Hundreds of college presidents have signed an open letter to President Obama calling for tougher gun control laws and declaring their opposition to laws that would allow guns on campus.
The campaign was started by presidents Lawrence M. Schall of Oglethorpe University and Elizabeth Kiss of Agnes Scott College, both located in Georgia. So far, 218 presidents mostly from private, non-profit colleges have signed the letter, which was written in response to the mass shooting at Sandy Hook Elementary in Newtown, Conn., that killed 20 children and 6 adults.
Since the on-campus shooting at Virginia Tech in 2007, several states have sought to allow guns on campus, even in opposition from college officials and faculty. After the Newtown massacre, some conservatives are now calling for teachers to have access to firearms in their classrooms.
But the College Presidents for Gun Safety are demanding a crackdown on access to guns. Their letter reads, in part:
We are college and university presidents. We are parents. We are Republicans, Democrats and Independents. We urge both our President and Congress to take action on gun control now. As a group, we do not oppose gun ownership. But, in many of our states, legislation has been introduced or passed that would allow gun possession on college campuses. We oppose such laws. We fully understand that reasonable gun safety legislation will not prevent every future murder. Identification and treatment of the mental health issues that lie beneath so many of the mass murders to which we increasingly bear witness must also be addressed.
The letter calls for an end to the gun show loophole on firearms purchases and for a ban on military-style semi-automatic assault weapons, along with high-capacity ammunition magazines.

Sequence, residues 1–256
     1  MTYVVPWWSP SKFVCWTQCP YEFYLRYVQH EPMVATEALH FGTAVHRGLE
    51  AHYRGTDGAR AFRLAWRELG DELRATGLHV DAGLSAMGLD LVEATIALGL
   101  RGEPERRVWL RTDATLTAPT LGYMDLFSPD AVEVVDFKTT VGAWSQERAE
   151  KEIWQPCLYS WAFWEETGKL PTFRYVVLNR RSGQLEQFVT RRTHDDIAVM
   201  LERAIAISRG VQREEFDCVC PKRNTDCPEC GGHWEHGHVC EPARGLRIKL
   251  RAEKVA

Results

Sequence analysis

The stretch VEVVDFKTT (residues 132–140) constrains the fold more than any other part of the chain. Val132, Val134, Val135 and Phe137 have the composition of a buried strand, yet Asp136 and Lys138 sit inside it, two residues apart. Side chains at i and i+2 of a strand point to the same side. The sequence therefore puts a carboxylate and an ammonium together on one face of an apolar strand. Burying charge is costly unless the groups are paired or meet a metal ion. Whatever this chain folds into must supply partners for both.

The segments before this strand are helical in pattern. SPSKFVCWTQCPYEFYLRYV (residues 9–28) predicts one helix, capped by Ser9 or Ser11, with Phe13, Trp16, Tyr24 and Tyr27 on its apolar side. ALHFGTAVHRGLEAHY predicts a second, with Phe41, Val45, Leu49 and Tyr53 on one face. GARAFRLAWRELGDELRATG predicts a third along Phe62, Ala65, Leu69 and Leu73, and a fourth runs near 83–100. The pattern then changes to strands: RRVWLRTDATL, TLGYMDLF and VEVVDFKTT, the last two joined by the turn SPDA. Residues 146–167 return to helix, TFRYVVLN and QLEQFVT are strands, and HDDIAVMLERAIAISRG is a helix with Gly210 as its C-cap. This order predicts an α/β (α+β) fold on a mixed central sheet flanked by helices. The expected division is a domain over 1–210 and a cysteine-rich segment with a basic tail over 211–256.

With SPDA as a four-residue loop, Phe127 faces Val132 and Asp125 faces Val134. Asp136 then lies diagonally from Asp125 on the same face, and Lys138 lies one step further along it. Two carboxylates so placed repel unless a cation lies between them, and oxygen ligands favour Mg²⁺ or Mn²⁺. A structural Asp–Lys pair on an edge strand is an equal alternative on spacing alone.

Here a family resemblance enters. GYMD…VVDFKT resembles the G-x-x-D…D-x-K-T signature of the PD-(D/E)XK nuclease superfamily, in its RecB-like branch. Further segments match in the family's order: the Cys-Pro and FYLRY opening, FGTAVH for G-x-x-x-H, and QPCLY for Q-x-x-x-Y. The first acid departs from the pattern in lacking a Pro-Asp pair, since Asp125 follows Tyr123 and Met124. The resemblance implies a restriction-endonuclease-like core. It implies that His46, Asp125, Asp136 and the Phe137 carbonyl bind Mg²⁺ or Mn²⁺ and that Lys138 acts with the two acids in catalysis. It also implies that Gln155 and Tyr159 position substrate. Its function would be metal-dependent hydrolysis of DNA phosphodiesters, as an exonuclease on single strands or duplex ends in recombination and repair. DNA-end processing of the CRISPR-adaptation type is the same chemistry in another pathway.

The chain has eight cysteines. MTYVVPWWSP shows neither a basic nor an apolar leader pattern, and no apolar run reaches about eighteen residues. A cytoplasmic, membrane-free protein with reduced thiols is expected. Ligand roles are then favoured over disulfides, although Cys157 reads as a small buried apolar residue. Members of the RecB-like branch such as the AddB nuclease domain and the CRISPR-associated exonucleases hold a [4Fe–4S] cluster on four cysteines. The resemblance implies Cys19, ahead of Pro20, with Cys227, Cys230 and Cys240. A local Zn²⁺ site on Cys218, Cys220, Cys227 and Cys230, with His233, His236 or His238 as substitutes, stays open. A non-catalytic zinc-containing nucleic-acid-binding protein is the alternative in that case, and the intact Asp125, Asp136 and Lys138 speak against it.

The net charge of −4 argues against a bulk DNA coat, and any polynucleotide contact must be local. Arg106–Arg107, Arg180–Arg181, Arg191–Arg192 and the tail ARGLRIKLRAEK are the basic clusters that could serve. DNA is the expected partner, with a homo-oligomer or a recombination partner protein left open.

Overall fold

"The time has long since passed for silence and inaction on the issue of reasonable and rational gun safety legislation," the letter adds. "We hereby request that our nation’s policy leaders take thoughtful and urgent action to ensure that current and future generations may live and learn in a country free from the threat of gun violence."
Obama announced Wednesday he had directed Vice President Joe Biden to lead an effort to develop new proposals for gun control laws within a matter of weeks.
A separate letter written by Emerson College President M. Lee Pelton, which pledges to provide support to Obama in a push for gun control, has attracted 161 endorsements from college presidents. Pelton's letter also asks for lawmakers to address care for mental illness in the country.
Pelton's letter reads, in part:
We acknowledge, as you have, that these are complex issues that bring into play competing interests that will require us to balance the rights of law-abiding citizens to keep and bear arms with the concerns of those calling for more stringent restrictions on gun ownership. Nevertheless, we ask that urgent attention be paid to developing measures that would have the effect of curtailing easy access to assault weapons, especially guns that can hold up to 100 rounds of ammunition without reloading and have no place in the hands of civilians.
We, therefore, pledge to do what we do best in our academic communities: engage thought leaders, faculty, students, staff, trustees and friends in meaningful debate and dialogue, which, in turn, might lead to positive action.